“If you are working on something exciting that you care about, you don’t have to be pushed. The vision pulls you.”
Why do you need a personal vision?
True visionaries are known to have personal visions. Steve Jobs’s “computer for the rest of us” sparked the home computer revolution and made Apple an iconic global brand. Significant innovations, cultural shifts, companies, and careers are not created by chance.
Having a vision is like being a ship captain with a set destination in mind. It enables us to map out our journey, prepare ourselves and our team, and get the resources we need.
By having a vision, we are more likely to know when we are on and off course, which enables us to course correct. We don’t just wander around, getting distracted and hoping for the best.
Vision helps you to make decisions
For me, personal vision is the destination describing what you want for your future self and who you want to become. It is success, as you define it. It can be as elaborate or direct as you want it to be, and it should reflect your core values and a sense of purpose. People with a personal vision don’t need to be motivated; It pulls them powerfully because they value what’s in it!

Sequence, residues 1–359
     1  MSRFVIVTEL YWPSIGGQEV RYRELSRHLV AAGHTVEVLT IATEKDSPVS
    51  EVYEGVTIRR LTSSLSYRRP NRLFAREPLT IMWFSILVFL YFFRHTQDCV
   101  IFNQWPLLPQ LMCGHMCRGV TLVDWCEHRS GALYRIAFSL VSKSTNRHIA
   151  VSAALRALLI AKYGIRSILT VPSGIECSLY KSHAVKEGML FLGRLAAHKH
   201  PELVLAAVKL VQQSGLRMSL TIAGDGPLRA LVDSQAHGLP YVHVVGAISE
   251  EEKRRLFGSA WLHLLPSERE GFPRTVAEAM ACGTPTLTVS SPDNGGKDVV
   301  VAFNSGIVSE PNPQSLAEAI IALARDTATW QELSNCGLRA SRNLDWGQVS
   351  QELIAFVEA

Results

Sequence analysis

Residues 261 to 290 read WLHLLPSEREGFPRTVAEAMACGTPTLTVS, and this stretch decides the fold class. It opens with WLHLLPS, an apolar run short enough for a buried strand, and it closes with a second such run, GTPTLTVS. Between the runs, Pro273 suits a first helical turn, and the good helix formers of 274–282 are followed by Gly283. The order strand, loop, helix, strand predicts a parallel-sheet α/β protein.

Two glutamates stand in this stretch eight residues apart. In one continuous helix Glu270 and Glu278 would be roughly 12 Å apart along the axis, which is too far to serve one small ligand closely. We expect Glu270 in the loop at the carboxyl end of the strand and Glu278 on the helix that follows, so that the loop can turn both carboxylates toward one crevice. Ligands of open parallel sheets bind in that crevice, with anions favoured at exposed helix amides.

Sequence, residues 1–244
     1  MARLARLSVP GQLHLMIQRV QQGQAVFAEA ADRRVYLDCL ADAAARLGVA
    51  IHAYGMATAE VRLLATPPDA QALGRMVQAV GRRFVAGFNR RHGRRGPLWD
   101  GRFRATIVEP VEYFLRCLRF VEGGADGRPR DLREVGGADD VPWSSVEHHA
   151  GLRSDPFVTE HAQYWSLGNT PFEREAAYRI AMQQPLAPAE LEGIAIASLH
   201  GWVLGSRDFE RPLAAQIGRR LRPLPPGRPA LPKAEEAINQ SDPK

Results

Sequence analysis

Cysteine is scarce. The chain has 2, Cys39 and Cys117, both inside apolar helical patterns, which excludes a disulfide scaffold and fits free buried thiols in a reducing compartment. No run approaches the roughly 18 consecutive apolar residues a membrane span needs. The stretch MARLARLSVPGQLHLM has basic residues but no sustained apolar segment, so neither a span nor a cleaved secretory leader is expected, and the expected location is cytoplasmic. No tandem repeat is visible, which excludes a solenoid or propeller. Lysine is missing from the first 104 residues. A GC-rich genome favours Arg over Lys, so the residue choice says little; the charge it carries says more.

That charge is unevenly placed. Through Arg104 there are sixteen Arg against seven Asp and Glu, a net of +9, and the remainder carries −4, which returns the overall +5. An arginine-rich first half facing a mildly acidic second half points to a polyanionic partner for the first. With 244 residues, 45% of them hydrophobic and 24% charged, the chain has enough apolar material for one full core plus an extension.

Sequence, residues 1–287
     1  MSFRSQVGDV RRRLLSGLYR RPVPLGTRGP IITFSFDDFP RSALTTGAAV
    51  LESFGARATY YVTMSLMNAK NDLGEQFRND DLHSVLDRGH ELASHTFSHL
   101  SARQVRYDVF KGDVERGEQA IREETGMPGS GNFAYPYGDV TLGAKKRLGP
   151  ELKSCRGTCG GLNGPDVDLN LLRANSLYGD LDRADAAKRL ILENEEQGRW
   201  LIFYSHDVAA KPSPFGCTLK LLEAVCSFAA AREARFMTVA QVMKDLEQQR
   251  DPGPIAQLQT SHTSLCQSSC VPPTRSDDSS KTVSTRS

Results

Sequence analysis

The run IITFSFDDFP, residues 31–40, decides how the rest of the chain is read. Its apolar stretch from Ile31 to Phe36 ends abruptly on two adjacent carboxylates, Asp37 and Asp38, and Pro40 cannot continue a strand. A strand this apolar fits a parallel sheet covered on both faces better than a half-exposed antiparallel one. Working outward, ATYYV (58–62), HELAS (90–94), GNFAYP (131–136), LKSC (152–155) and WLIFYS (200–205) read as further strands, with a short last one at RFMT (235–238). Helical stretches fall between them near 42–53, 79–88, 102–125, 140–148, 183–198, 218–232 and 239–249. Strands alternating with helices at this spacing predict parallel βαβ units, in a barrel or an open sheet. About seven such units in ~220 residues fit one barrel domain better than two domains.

Some people argue that having a vision may restrict them. They ask: “What if this great opportunity comes up that was not a part of my vision?”
Well, It means that they get to make a conscious decision and have the criteria to follow through with it. They get to ask themselves a few questions:
Does this opportunity bring me closer or further from my vision?
What am I gaining from it, and what am I compromising?
How does it affect my timelines
Sometimes it means a change in the vision itself because we learn something new about ourselves and what is important to us. However, we get to make a conscious decision rather than just letting ourselves be carried by the events and circumstances in our life.
You are more likely to spot opportunities and achieve your goals
Having personal vision has also been proven to prime our brain to see opportunities that others would easily miss. When we know what we want, we are quicker at recognising patterns and then utilising random events to our advantage or even creating opportunities where there were none!
Furthermore, research has shown that people who naturally set more challenging and vivid personal visions set more specific and complex goals. Individuals who conceptualised a vivid personal vision were more committed to their goals. So, define your vision first and then set your goals. That way, you are more likely to follow through and find meaning in the process.
Would you like to give it a go? Download a simple worksheet that will guide you in creating your vision and, importantly, the benefits that come with having it.
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This worksheets guides you through a simple 3 step process to discover what motivates you and help you set your personal GPS.